You have spent years planning your nest egg for retirement, but have you thought about preparing your nest too? The Center for Disease Control and Prevention (CDC) reports that 79% of falls occur in the home, and almost 30% of adults over the age of 65 reported falling at least once in the last 12 months.Whether you are well into your retirement years or happen to be doing home improvements years before that milestone, there are considerations to keep in mind that could make your home a safer space as you age.
A first step is to simply walk room to room, evaluating any safety or mobility issues that you may find. To assist you to safely retire in place, the National Council on Agingoffers comprehensive checklists to identify safety concerns and solutions within your home.
Here are some simple inexpensive improvements which may be good starting points:
Improving lighting in your home can be an easy fix. Consider adding motion-sensor lighting to hallways and stairs or adding increased overhead lights to better illuminate dark rooms.
Bathrooms can be one of the most hazardous rooms in the home. There are stylish ways to camouflage grab bars, a most-important addition to a shower or bath area. Adding non-slip rugs for the floor or gripping mats to the shower or tub can increase safety too.
Switch out knobs in showers, sinks and doors to ones which are easier to turn.
Add charging stations at waist-height at convenient locations in bedrooms, living rooms and other frequented spaces to ensure devices are ready to be used when needed. Strategically placing electrical outlets where one can easily access them without bending can be a welcome improvement as well.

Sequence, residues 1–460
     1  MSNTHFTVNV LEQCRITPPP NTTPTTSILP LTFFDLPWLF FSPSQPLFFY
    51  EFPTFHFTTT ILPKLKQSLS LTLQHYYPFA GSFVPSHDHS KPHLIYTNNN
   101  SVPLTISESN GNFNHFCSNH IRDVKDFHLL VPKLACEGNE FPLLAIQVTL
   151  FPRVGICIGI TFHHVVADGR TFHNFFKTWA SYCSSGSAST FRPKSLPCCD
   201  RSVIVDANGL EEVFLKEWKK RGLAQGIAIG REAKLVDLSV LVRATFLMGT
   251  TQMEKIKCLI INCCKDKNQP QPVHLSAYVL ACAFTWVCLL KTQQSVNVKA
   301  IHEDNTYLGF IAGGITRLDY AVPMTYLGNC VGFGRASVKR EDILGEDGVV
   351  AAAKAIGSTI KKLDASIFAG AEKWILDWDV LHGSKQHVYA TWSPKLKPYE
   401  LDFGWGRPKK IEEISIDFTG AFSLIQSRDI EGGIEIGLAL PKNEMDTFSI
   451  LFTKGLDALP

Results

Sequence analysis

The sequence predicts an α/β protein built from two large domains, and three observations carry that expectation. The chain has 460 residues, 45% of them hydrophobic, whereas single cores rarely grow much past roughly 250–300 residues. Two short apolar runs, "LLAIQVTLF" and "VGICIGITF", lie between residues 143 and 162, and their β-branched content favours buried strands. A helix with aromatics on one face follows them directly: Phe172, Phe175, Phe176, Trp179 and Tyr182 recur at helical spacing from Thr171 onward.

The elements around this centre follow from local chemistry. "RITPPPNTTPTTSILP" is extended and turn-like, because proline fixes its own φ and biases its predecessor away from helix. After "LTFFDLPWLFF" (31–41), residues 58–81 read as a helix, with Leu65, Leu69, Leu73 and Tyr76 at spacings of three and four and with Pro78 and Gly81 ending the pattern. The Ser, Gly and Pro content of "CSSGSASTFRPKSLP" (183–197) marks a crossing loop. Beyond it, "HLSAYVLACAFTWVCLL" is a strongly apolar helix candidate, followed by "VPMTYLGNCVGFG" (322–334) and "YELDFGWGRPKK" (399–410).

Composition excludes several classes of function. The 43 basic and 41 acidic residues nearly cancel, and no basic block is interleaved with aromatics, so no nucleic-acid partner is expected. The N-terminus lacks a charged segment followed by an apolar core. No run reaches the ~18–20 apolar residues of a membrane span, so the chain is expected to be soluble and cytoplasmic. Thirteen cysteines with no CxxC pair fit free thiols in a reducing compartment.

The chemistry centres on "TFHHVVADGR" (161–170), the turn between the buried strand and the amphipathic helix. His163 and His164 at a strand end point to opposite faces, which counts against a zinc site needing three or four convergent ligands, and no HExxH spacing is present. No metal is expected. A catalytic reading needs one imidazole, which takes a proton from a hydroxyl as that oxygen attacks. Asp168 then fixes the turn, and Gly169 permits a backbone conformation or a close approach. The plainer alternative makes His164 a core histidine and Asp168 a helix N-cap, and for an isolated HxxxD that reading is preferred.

Add guiderails to help with walking. These can be decorative but sturdy. Consider spaces such as hallways, front walkways, and paths to the garden. These can help make the world a wider place if your mobility is limited.
If you are doing major home improvements, consider eliminating flooring transitions, taking out steps into showers, or adjusting space concerns such as counter heights and doorway widths.
If you would like help identifying safety concerns in your home and possible solutions to consider, there are professionals who can assist. Your insurance (including Medicare) may cover the cost for an in-home assessment by a trained nurse or occupational therapist when ordered by a doctor. If you are considering home improvements, a Certified Aging-in-Place Specialist (CAPS) can help your contractor plan for your needs. Taking time now to plan for the future – or to help a parent or loved one now – can allow you to stay and thrive in the nest that you’ve worked so hard to build.
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